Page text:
Computex 2011: Biostar, Jetway and Giada Motherboards
Along with the main retailers, the minor ones are also showcasing products.Â Weâ€™ve reviewed Biostar products before at AnandTech, but not Jetway and Giada, both of which are now selling consumer level products in North America.
Our main criticism with Biostar in the past is PCIe and feature placement.Â On one series of products, Biostar has to a certain extent listened â€“ the Z68 series have spaces between the PCIe x16 and space for a PCIe 1x and PCI.Â However, the video outputs on the TZ68A+ are all spread out â€“ meaning a lack of USB ports (two USB 2.0, two USB 3.0), only 2.1 channel audio, and no space for multiple LAN connections.Â The SATA ports are also odd:
The TA990FXE however goes the other way â€“ the video outputs are nicely positioned, as well as the SATA ports.Â But the board offers four full length PCIe all next to each other and no other PCIe available if two dual slot GPUs are used.
Jetway has been producing motherboards for quite a while â€“ if youâ€™ve ever searched Newegg, youâ€™ll find a few products in various categories and price points.Â In terms of recent developments, Jetway has surprisingly produced a P67 and a Z68 board â€“ what they deem their â€˜Hummerâ€™ series for their enthusiast consumers.Â Two main features stand out when looking at the board â€“ one if they have the rights to use the Hummer name in North America, and two that the memory compatibility is only to DDR3-1333 MHz.Â You would expect higher-end products for enthusiasts to support the higher end memory speeds, but itâ€™s up to the consumer to decide if they need it apparently. (Apologies for the images, Jetway decided to put a highly reflective glass in front of all their motherboards.)
Jetway have a series of Q67 products, mainly aimed at business and industry: one in particular has up to 10 COM ports possible â€“ at the expense of only having one SATA port.Â For AMD, they actually had a Hudson-D3 platform at the booth â€“ again with the Hummer branding, and with 1333 MHz memory compatibility. Â Though one thing I do like is that the extra power for the PCIe is at the bottom â€“ as is becoming more common, the PSU is at the bottom of the case, so having this extra 4-pin power at the bottom of the board makes sense.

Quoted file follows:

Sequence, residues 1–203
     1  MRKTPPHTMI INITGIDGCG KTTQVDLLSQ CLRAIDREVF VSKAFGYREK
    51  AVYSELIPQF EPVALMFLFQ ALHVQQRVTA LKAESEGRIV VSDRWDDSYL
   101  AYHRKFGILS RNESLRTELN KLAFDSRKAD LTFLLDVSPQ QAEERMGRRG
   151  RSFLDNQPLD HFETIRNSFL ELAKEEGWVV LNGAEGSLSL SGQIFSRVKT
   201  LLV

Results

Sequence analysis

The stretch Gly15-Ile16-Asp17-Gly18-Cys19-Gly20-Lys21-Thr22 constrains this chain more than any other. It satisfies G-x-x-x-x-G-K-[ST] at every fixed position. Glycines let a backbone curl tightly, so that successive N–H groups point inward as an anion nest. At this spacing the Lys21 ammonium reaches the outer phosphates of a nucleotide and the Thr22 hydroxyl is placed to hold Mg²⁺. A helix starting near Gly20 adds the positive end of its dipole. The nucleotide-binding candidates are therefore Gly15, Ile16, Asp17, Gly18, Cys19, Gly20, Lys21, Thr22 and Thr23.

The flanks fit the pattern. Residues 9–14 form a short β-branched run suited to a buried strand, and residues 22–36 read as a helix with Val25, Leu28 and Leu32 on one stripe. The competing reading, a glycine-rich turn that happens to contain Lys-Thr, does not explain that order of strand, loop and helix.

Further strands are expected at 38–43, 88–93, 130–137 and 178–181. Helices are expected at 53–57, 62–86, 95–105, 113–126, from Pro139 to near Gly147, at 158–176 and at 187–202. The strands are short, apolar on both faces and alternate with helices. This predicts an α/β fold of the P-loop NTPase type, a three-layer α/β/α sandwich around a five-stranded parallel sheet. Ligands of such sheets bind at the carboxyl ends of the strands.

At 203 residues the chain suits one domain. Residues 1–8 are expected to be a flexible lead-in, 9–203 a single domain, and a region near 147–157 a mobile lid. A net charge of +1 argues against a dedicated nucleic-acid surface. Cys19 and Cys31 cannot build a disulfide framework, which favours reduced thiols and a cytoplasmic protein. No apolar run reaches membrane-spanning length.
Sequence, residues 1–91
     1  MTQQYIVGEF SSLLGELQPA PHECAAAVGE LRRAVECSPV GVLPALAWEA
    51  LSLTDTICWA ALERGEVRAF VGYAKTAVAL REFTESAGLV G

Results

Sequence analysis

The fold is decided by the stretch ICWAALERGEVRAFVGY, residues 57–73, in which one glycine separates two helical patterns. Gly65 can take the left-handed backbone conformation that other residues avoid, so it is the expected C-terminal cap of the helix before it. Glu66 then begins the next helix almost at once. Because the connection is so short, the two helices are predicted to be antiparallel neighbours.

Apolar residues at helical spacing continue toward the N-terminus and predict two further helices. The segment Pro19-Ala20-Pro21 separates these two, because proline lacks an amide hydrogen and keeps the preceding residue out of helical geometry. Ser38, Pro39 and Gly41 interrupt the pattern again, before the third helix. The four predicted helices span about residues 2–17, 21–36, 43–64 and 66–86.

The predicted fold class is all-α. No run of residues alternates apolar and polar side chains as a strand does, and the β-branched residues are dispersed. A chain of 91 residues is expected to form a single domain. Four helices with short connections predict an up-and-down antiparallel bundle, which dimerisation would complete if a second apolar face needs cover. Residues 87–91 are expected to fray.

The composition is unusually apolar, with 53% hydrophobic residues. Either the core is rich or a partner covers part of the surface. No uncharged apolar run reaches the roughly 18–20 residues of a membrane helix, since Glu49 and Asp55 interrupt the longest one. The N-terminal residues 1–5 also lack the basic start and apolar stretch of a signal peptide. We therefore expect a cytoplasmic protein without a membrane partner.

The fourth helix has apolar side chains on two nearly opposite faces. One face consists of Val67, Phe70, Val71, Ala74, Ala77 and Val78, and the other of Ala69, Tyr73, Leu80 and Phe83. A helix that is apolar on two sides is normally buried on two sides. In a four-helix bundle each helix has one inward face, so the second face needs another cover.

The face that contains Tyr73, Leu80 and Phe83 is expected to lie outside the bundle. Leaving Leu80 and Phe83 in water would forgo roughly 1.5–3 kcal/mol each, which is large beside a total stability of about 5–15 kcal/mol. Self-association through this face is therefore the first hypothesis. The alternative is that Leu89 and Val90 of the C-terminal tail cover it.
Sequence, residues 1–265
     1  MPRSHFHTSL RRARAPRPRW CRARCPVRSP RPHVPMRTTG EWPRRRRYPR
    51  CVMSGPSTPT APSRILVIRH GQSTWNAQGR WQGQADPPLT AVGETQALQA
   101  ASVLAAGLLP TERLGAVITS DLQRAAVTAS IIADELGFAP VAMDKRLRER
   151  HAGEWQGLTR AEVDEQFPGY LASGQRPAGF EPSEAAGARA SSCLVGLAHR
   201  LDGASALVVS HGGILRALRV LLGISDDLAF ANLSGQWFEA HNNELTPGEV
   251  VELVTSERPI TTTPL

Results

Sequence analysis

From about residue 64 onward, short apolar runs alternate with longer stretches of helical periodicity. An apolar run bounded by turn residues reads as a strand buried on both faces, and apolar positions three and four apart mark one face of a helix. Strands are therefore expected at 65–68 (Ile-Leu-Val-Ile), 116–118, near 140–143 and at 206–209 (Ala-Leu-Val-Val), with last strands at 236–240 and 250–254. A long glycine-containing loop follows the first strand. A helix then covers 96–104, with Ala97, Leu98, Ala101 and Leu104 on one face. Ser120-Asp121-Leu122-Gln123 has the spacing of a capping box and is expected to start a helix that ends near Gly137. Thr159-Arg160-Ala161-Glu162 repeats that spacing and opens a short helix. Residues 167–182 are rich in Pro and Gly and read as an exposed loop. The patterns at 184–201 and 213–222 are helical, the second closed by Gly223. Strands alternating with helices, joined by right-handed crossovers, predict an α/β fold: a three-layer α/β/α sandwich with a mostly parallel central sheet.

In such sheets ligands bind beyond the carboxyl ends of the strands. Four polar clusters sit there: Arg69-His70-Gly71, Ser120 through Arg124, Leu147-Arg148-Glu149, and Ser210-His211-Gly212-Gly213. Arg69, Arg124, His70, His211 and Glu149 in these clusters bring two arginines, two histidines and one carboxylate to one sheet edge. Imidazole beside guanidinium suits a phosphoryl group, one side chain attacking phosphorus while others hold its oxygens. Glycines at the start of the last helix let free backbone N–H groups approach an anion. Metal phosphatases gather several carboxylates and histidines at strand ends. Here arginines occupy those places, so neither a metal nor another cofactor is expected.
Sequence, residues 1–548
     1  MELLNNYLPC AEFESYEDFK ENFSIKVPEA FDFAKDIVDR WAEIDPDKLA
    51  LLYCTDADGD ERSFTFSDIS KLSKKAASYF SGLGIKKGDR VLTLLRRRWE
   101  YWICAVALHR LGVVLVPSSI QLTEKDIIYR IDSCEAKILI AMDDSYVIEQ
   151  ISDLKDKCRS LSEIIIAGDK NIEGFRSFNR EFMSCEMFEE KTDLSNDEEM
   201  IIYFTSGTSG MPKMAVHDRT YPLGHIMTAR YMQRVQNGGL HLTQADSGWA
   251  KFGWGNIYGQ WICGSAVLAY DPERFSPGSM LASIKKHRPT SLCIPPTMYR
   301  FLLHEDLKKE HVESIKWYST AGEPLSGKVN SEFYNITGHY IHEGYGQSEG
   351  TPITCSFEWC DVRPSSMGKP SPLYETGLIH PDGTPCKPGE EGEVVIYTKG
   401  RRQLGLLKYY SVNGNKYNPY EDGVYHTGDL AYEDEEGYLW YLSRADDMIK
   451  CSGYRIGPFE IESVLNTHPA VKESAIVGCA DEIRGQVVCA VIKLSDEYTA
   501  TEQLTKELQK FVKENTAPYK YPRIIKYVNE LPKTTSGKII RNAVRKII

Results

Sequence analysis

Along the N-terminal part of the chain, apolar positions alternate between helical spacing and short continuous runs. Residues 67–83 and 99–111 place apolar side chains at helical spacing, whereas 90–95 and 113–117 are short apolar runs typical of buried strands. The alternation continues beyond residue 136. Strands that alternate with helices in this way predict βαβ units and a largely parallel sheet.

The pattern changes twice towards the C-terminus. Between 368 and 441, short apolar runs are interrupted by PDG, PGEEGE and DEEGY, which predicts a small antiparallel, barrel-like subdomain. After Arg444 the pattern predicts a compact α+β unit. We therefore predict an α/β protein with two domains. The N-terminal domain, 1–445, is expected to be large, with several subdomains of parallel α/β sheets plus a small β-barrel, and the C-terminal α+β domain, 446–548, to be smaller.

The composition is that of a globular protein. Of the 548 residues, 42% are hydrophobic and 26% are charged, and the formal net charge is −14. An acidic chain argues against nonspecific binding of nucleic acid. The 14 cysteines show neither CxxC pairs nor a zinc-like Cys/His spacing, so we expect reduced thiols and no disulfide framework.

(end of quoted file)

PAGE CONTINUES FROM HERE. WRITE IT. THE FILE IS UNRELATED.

Giada is a division of the Shenzhen Jiehe Technology Development (JEHE) company based in China.Â They have been selling in Asia for a while, and I noticed them starting to sell product over at Newegg for the US market.Â So out of curiosity, I stopped by the booth at Computex to examine their range of products and a talk with the sales rep.Â Giadaâ€™s current situation is to slowly move into various low-level motherboard segments within North America â€“ currently they focus on mini-ITX platforms and the OTX form factor for all-in-one PCs (which is contrary to Intel trying to utilise thin mini-ITX).
For mini-ITX, Giada had an H55, H61 and H67 motherboards on show, all using one PCIe x16 and mini-PCIe.Â At first glance the only thing that looks fairly odd is that the SATA ports are found just inside the DIMM slots, presumably making it hard to fit in cables if the slots are filled with memory and/or a large GPU is used.Â An E350 Fusion board was also on the show, offering two mini-PCIe, using SO-DIMM memory and a rather odd SATA positioning as well.Â I would also point out only one fan header on most of these models, suggesting that no serious coolers or fan controls would be present.
There was an ATX size Z68 on show, but apparently Giada has no intention of releasing this in North America just yet.Â From the design, it doesnâ€™t look too bad for the color scheme â€“ there didnâ€™t see much in the way of power delivery for overclocking however, and presumably no support for memory greater than 1333 MHz.original content by anandtech.com